How to Ruthlessly Eliminate Hurry from Your Life and Ministry | Influence Podcast


John Mark Comer lived many pastors’ dream. He led a growing congregation (adding 1,000 adherents annually for seven years running) in the Pacific Northwest (one of the nation’s most secular regions). You’d think he’d be happy, but he wasn’t. He was burnt out, enduring most pastors’ nightmare.

Busyness, which according to Comer is “where your life is full with things that matter,” wasn’t the problem. The problem was hurriedness, “when you have too much to do and the only way to keep the quota up is to hurry.” Jesus was busy, but He never hurried. Hurry is of the devil.

In this episode of the Influence Podcast, I’m talking to John Mark Comer about how to ruthlessly eliminate hurry from your life and ministry. I’m George P. Wood, executive editor of Influence magazine and your host.

John Mark Comer is pastor for teaching and vision at Bridgetown Church in Portland, Oregon, whose mission is to practice the way of Jesus, together, in Portland. He is also author of The Ruthless Elimination of Hurry, published by Waterbrook.

A Festschrift of Sorts for N.T. Wright by Critics Who Are Also Friends


 Nicholas Perrin and Richard B. Hays, Jesus, Paul and the People of God: A Theological Dialogue with N. T. Wright (Downers Grove, IL: IVP Academic, 2011). $24.00, 294 pages.

Jesus, Paul and the People of God publishes the papers presented at the nineteenth annual Wheaton Theology Conference, hosted by Wheaton College on April 16–17, 2010. It doubles as a Festschrift of sorts for N. T. “Tom” Wright, whose books—whether academic or popular—alternatively influence and infuriate their readers, especially their evangelical readers. Its authors, though sometimes critical of Wright’s theology, are also personal friends.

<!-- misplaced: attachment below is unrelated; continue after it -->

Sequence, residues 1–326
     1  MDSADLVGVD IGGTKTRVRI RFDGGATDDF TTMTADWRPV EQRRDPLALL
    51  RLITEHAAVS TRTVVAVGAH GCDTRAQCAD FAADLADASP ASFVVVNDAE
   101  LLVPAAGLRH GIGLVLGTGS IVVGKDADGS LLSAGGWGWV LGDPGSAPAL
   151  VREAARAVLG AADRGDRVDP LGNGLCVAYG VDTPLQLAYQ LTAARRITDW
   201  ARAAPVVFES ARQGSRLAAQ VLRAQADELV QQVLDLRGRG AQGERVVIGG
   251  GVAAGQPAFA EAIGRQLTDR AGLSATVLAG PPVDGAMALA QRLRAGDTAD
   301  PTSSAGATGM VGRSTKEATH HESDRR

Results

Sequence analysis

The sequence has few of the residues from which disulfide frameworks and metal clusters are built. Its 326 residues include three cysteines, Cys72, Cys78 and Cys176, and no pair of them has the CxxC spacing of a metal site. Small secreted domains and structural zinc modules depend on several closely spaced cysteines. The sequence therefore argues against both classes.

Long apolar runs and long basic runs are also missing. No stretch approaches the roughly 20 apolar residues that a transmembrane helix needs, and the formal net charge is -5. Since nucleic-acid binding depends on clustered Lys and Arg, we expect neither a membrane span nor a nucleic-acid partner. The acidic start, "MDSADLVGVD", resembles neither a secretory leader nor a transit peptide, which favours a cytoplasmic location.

The book, like the conference, examined Wright’s theology of Jesus (Part One) and his theology of Paul (Part Two). Following each chapter, Wright offers a short response to the author of the chapter. At the end of each part, Wright outlines the evolution to date of his thinking, using a “whence and whither” formula. The book includes a “Subject Index” and a “Scripture Index,” both of which are helpful for academic readers. A select bibliography of Wright’s books and articles would have been helpful, but it is not included.

For me, Wright’s two “whence and whither” essays were worth the price of the book. Wright is a prolific author. His three-volume series, Christians Origins and the Question of God, contains 2,016 pages of densely argued prose. The “whence and whither” essays helped me understand the gist of Wright’s portrait of Jesus, how he reached his conclusions, and how those conclusions apply to the life of the church today.

Of the other essays, two stood out to me in particular: “‘Outside of a Small Circle of Friends’: Jesus and the Justice of God” by Sylvia C. Keesmaat and Brian J. Walsh and “Wrighting the Wrongs of the Reformation? The State of the Union with Christ in St. Paul and Protestant Soteriology.” The former offered a provocative (and controversial) reading of Jesus’ Parable of the Pounds that got me thinking about economic justice. The latter helped me navigate the debate between Wright and John Piper on the doctrine of justification by faith and suggested “union with Christ” as a point of rapprochement between the traditional Protestant doctrine and Wright’s own interpretation of justification.

Jesus, Paul and the People of God makes an excellent companion volume to InterVarsity Press’s book, Jesus and the Restoration of Israel: A Critical Assessment of N. T. Wright’s Jesus and the Victory of God (1999). If you are interested in the critical assessment of Wright’s work, especially from an evangelical point of view, these two volumes are a good place to start.

_____

P.S. If you found my review helpful, please vote “Yes” on my Amazon.com review page.

Create a free website or blog at WordPress.com.

Up ↑

%d bloggers like this: